From rooftop running tracks to foliage-filled office space, today’s flexible workspaces are designed to inspire and stimulate.
The war on talent is driving a ‘people-centric’ approach, leading to some of the most innovative spaces in London today.
Tushar Agarwal, CEO and co-founder of online workspace search service Hubble, discusses these spaces and the positive impact they are having on occupiers’ wellbeing.
Guest post from Tushar Agarwal, CEO and co-founder of Hubble
Changes to working practices over the last decade have transformed the spaces we work in. Where once we had cubicles and corner offices, now we have open plan layouts and hot desking – making for a more collaborative working culture.
Not only that, but the war on talent has led businesses to put design and a ‘people-centric’ approach at the heart of their strategy, leading to some of the most innovative spaces in London today. In the work we do, we see first-hand the amazing facilities on offer – from racing tracks on roofs to sleep rooms. All of this has been driven by the rise of the flexible office sector.
Many studies have shown that businesses which offer the option of flexible working see staff take less leave and work more productively. The ideal is to be able to work around other commitments, including family, and a company that supports this will see talented employees stay on for longer.
This doesn’t necessarily mean cutting the work hours in the day; it’s just adopting technology that allows individuals to work remotely. Tools such as Slack, Zoom, Trello, and Google Suite all enable workers to communicate and collaborate from virtually anywhere in the world.
Technology is a huge enabler to do better, more impactful and more interesting work, as it takes over our mundane and routine tasks.
While flexible working may have started as a way of life for those with family commitments or freelancers, younger workers today are graduating in a digital-first era where any coffee shop or spot with WiFi can be their workplace. There is now less requirement for ‘face time’ and more emphasis on getting the job done.
However, it’s still important that a business’s main office functions as an exciting place to build relationships, and share and develop ideas. Larger corporates, as well as SMEs, are wising up to the fact that social areas and so-called ‘innovation hubs’ are crucial for those overseeing new and exciting projects.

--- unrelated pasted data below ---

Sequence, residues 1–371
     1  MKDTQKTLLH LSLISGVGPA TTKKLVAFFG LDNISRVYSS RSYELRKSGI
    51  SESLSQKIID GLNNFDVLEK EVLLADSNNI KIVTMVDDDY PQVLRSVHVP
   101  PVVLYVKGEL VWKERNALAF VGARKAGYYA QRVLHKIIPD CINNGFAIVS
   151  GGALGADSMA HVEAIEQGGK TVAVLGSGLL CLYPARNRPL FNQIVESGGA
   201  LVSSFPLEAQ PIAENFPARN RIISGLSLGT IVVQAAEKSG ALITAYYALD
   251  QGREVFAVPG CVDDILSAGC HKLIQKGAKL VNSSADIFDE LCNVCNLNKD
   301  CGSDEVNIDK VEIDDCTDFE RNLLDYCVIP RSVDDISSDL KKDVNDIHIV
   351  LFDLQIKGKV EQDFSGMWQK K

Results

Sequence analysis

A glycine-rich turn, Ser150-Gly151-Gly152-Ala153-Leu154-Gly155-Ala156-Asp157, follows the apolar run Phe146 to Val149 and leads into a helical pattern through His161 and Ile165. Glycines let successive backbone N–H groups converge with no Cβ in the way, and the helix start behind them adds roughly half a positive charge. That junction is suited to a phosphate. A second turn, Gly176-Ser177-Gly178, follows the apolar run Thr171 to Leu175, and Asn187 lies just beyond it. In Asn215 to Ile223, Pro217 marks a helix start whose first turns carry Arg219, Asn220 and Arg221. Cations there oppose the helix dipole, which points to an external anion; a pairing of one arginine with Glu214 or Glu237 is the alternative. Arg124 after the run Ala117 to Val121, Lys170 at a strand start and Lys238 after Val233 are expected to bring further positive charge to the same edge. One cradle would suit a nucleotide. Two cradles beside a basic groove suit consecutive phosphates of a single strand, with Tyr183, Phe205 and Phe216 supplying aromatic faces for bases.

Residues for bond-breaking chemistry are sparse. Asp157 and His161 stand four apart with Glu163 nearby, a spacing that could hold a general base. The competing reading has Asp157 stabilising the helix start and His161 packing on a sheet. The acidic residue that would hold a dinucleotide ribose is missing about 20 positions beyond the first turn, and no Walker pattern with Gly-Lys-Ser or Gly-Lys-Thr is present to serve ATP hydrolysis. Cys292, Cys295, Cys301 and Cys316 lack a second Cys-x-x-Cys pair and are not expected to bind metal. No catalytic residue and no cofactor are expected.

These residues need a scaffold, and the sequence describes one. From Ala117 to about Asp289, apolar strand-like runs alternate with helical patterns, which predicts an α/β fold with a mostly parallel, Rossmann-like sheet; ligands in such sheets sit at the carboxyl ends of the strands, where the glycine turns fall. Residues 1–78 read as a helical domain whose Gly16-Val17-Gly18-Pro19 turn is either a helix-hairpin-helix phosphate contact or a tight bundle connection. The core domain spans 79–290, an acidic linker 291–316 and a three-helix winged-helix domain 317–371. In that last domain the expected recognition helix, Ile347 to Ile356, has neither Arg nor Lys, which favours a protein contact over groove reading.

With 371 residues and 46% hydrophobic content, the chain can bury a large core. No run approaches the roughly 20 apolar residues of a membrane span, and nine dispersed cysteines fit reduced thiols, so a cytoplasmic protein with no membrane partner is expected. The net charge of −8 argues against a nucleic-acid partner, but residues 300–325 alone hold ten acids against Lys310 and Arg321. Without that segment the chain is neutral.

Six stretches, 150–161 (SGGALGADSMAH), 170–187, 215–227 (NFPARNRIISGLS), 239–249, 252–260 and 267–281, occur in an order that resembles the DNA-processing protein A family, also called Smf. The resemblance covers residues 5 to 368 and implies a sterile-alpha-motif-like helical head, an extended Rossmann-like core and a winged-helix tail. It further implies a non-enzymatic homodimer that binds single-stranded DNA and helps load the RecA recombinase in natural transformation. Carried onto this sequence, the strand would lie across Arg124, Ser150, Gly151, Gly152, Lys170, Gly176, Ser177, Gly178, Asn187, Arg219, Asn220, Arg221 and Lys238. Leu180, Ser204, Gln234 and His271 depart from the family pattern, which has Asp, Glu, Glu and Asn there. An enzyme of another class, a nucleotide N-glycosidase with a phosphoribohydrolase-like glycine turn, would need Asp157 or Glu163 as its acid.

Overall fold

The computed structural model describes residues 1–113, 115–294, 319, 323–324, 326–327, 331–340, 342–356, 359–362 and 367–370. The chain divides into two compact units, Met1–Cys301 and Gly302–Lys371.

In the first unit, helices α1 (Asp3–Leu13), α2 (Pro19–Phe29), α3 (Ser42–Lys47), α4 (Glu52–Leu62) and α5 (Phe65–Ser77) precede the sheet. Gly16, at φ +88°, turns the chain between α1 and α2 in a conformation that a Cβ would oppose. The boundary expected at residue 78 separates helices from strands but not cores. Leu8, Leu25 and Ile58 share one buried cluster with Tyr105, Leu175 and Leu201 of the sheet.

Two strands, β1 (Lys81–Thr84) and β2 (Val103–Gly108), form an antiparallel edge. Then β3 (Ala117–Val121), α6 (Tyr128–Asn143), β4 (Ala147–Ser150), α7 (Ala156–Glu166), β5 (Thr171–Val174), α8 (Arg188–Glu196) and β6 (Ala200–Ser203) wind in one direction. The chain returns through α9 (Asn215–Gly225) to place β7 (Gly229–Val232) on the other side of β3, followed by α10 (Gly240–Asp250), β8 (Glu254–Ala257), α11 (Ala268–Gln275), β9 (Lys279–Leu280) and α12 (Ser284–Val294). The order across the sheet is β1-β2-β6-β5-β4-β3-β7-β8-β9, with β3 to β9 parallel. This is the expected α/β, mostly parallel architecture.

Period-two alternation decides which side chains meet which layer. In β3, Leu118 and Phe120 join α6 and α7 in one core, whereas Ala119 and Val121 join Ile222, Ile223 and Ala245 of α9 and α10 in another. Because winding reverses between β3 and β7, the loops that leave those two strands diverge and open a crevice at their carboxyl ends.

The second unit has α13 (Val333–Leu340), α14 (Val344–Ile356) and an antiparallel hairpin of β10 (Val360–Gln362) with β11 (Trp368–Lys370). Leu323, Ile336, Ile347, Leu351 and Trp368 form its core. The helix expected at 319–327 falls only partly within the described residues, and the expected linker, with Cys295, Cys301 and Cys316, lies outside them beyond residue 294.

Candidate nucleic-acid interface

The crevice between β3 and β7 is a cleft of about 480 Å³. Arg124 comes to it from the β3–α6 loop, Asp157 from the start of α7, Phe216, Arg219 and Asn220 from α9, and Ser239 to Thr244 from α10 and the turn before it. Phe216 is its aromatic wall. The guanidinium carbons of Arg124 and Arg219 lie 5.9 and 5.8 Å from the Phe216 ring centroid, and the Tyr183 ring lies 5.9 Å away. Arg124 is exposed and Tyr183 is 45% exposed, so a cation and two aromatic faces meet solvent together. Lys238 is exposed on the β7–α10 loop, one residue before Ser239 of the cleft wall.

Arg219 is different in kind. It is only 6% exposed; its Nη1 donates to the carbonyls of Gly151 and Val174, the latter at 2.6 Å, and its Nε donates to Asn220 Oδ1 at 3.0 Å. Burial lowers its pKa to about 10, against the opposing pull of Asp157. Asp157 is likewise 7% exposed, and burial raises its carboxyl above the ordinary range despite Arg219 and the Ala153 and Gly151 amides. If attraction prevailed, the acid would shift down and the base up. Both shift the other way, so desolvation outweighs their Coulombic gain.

So what do these new offices look like?
At Hubble, we’ve seen some of the most state-of-the-art office designs emerge – each of which has a unique and distinct offering. For example, One Heddon Street (The Crown Estate) is a modern business practice that is built with workers’ wellbeing in mind. Not only does it offer breakout spaces and quiet booths, it also has a rooftop space and gym facility for employees who want to exercise straight after — or during — work. Analysis of our data actually told us that the number of companies searching for offices with gyms increased 8% month on month in 2018.
Office provider, LEO, on the other hand, takes on the ‘space as a service’ approach, providing luxury five-star concierge support – as with a hotel.
We’re also seeing spaces go one step further in offering lifestyle perks. The Ministry keep themselves unique to competitors with a cinema, wellness rooms, and artist studio space to better support the playful nature of its occupiers.
Countering the busy city environment, office providers are also cottoning on to the cognitive and psychological benefits of working with outdoor space.
The White Collar Factory (The Office Group) features bright and airy space with an abundance of natural light and ventilation. The outdoor courtyard, roof terrace and rooftop running track is also a place for employees to enjoy stunning views of the city, reduce stress and get their blood flowing, positively contributing to mental health.
Similarly, The Atrium and Second Home features plants and foliage, and even allows pets in the office, increasing employee satisfaction with their working environment and not far removing the space from the home.
While each of these offices provides a distinct feature to their tenants, they all have a common purpose: to make workers more engaged, productive and motivated as they feed off one another’s creativity, helping to build stronger relationships as a team and reinforce commitment to the business.
We strongly believe that the key to retaining talent is building a place where people love where they work. This is three-fold: it is about having a clear purpose for your work, the culture a business fosters, and the physical environment they create within the business.
Purpose is becoming increasingly important as more people enter the workforce or look to change jobs — knowing that you are making an impact with your work is a huge driver of motivation. Similarly, company culture is paramount to retention as if people truly love and enjoy where they work, and who they work with, they will stay for longer. Having an environment that helps foster this makes the business not only more attractive to work for, but it contributes to the creativity and motivation that employees have for the company. It makes business sense.
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